This is a preservative that some companies producing natural toiletries use instead of parabens, but other sources consider it no safer. The EU has classed it as safe to 0.5%, and it is commonly used in considerably smaller quantities. Nevertheless, under certain conditions, it can release formaldehyde and therefore could be potentially carcinogenic. EWG includes it in a list of preservatives of particular concern, but somewhat confusingly, when listing it individually the site classes it as "medium concern."
This is a sugar alcohol and is often used instead of sugar. Some people say it is safe, because it is not fully absorbed by the body. However, there is a long list of Sorbitol's possible side effects, from diarrhea and bloating to dizziness and breathing problems. The FDA does not recommend this sweetener for children under the age of three, yet, it appears in two of these toothpastes.
Xylitol is not related to sorbitol and is usually considered to be more natural. Dentists like it because it is not harmful to teeth. But it can also cause stomach pains and diarrhea in relatively small amounts. It's unlikely your child would consume those amounts by swallowing toothpaste during brushing, but like sorbitol, it's probably best avoided.
Silica is basically ground quartz, which is a hard rock. For this reason, some people are concerned that it could damage tooth enamel. Others say that because it is used in very small quantities is it safe and that a hard toothbrush would cause more damage. It is not otherwise harmful to the body. All but one of the brands reviewed here contain silica.
This ingredient is derived from red seaweed and acts as a thickener in a similar way to gelatine. Recently there has been some controversy about its use in foodstuffs and toiletries, but this appears to be because there are two types of carrageenan. One type, known as degraded carrageenan, can cause inflammation of the colon and cancer in rats.
Studies on humans are so far inconclusive. This type of carrageenan is also known as poligeenan and is not generally used in foodstuffs. Undegraded carrageenan has been used in foods for almost a century. It is also known as chondrus crispus and is considered safe by the FDA.
Interestingly, although the EWG strongly opposes fluoride in tap water, it supports its use in toothpaste. Opinions on fluoride vary widely, and I think it is a matter of choosing what feels right to you. If you live in an area where water is fluorinated, or your children are very young, it's probably best to avoid fluoride in toothpaste.
This is an extract of horse chestnut and protects against tooth decay. It is classed as low hazard by EWG, but I have found several references to its toxicity. It certainly would seem wise to avoid it for anyone with an allergy to horse chestnut.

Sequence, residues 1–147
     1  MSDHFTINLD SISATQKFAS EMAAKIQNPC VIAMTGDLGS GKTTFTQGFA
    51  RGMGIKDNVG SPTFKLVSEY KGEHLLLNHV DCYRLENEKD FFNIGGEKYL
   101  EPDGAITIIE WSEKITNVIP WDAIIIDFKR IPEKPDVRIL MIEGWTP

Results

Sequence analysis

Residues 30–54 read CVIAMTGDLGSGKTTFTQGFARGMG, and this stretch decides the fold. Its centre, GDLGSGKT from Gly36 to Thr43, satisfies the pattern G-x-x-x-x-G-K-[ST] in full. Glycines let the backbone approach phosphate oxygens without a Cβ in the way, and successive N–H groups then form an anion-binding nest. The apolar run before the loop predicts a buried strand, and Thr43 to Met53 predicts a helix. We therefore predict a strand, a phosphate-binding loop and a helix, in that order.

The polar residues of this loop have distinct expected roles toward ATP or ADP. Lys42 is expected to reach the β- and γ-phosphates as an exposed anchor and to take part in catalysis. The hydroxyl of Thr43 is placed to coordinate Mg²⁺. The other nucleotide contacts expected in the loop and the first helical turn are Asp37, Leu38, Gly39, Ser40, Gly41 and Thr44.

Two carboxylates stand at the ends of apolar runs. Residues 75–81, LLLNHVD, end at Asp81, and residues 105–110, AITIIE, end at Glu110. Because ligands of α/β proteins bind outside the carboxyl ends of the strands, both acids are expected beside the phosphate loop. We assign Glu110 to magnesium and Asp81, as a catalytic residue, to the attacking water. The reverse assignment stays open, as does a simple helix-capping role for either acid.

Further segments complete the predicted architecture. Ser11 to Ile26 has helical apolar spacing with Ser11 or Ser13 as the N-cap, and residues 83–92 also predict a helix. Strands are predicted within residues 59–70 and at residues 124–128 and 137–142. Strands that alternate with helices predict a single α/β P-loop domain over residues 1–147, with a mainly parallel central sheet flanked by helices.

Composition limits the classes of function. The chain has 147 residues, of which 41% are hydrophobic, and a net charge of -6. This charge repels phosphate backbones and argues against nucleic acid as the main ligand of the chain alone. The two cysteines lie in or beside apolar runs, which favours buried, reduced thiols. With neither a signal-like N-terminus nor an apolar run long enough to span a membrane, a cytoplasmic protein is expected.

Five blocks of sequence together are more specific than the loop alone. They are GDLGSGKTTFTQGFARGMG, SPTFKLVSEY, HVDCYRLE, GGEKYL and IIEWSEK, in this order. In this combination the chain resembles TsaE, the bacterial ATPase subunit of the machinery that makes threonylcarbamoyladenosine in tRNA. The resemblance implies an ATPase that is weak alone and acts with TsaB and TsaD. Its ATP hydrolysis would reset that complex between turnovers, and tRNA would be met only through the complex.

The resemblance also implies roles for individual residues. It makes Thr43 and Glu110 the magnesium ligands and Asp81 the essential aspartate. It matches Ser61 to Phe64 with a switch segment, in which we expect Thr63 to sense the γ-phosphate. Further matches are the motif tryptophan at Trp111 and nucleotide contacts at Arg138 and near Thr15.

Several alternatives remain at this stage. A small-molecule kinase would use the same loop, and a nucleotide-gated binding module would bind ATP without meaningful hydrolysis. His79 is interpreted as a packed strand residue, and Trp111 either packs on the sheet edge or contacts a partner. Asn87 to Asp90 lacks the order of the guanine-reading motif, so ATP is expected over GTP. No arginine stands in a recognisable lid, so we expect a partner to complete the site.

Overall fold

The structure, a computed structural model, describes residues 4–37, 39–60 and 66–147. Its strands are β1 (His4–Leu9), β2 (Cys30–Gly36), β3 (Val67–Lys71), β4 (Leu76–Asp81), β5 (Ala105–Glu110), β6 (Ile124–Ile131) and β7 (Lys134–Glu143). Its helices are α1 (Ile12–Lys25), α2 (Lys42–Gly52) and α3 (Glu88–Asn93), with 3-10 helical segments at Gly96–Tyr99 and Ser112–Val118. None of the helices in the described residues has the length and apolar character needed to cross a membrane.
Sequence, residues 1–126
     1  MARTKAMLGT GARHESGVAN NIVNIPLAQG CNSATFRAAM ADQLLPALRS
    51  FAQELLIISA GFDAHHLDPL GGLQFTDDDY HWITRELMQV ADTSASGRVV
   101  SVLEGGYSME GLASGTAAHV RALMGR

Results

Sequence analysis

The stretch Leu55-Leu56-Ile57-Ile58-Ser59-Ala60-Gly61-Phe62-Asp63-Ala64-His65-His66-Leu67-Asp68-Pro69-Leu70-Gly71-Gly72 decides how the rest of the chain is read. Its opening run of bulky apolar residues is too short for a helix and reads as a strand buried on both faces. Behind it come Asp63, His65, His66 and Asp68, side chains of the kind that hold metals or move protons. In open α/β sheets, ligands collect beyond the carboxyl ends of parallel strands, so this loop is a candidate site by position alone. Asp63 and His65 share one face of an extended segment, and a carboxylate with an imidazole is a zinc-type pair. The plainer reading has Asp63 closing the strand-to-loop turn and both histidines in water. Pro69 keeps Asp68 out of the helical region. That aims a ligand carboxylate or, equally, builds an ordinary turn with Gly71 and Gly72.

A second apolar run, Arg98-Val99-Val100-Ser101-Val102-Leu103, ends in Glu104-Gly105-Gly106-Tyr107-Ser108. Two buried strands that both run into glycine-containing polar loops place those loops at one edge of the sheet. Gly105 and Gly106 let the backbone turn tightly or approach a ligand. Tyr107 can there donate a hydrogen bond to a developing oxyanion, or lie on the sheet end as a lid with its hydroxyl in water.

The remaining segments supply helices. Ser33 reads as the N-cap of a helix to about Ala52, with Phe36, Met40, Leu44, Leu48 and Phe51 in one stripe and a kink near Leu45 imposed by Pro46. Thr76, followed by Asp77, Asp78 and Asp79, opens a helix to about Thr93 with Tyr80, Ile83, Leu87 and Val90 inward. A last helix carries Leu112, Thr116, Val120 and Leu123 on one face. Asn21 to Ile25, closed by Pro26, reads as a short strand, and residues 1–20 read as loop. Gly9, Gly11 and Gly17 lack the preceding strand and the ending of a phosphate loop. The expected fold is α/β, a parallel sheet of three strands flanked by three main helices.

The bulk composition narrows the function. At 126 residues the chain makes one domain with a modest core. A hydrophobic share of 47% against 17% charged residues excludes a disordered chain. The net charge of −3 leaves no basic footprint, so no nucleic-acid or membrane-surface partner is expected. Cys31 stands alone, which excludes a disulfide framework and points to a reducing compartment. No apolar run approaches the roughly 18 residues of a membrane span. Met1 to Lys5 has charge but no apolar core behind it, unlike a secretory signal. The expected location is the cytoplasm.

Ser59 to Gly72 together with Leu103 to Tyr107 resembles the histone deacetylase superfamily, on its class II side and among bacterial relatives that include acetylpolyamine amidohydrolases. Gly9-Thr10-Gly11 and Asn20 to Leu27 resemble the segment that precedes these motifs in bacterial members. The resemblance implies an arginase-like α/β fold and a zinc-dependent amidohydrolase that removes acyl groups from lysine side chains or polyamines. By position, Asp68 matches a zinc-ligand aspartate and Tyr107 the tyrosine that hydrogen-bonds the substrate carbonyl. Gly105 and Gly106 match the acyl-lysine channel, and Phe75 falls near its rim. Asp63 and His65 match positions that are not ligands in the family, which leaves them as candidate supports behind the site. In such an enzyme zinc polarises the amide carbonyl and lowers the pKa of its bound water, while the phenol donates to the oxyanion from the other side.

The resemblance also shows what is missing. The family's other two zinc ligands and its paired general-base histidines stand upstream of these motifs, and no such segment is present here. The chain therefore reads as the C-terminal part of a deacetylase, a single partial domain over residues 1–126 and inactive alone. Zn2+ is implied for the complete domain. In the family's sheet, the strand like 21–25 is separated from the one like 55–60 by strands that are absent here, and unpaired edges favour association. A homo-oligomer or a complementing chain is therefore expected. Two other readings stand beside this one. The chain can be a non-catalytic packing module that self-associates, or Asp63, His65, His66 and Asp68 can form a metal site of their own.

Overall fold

3 Best, Safest All-Natural Toothpastes for Children
All of the toothpastes clean teeth well, so I do not include that in individual reviews. All come in plastic tubes except Weleda, which is in a metal tube. All have screw caps.
The reviews take into account the following:
- appeal to children
- ingredients safety
- cost (I live in the UK, and so the prices for these toothpastes are given in pounds sterling. This allows a comparison to be made but does not guarantee the same price structure elsewhere!)
1. Weleda Children's Tooth Gel
Weleda was founded in Switzerland in the 1920s and follows the principles of anthroposophy, a philosophy developed by Steiner. Put simply, anthroposophy sees the individual—in body, mind, and spirit—as connected with the world.
Weleda makes toiletries and homeopathic remedies. Many of their ingredients are grown in their own biodynamic gardens or are sourced from organic and biodynamic farms. (Biodynamics is a form of organic farming that seeks to approach farming in a holistic way and to create balance.) Weleda is committed to fair trade.
The tooth gel is clear and has a mild minty taste. It is fluoride-free.
- Weleda is a well-established and trustworthy company using biodynamic methods, so we can be confident their ingredients are safe.
- The taste is mild.
- Of the toothpastes reviewed here, this was the second most expensive. However, the cost varies quite a bit from retailer to retailer. (I paid £3.29 from a local health store, and the same toothpaste is available on Amazon's UK site for £2.78.)
- Children who don't like mint may not like this toothpaste. (One of my daughters doesn't.) The taste is mild, however.
- The packaging doesn't look like that of a children's toothpaste, which could put younger kids off. (Then again they may feel more "grown up.")
- It contains esculin, which can be toxic to some people. I emailed Weleda UK regarding the inclusion of esculin in their toothpaste, and a very friendly representative told me that it has been on the market since 1996 and has an "excellent track record." She also emailed the head office in Germany, who several weeks later sent this reply:
"The aesculin we employ in Children’s Tooth Gel is a natural substance isolated from the bark of the horse chestnut tree. We have found that diluted aesculin can have a beneficial effect on tooth formation and conservation, which helps to prevent tooth decay. As a rule, the effect of any given substance on human health depends on its concentration: many are known to be beneficial in low concentrations, even if they might be toxic in high doses. The aesculin we add to Children’s Tooth Gel is employed in an extremely low concentration of approx. 0.001 per cent, and we are therefore confident that it poses no risk to persons using our tooth gel (even if they were to swallow it). The stringent tests that we perform in line with EU regulations have confirmed this."
Glycerin, Water, Silica, Algin [a binder derived from algae], Calendula Extract, Fennel oil, Spearmint leaf oil, Esculin, and Limonene (from essential oils.)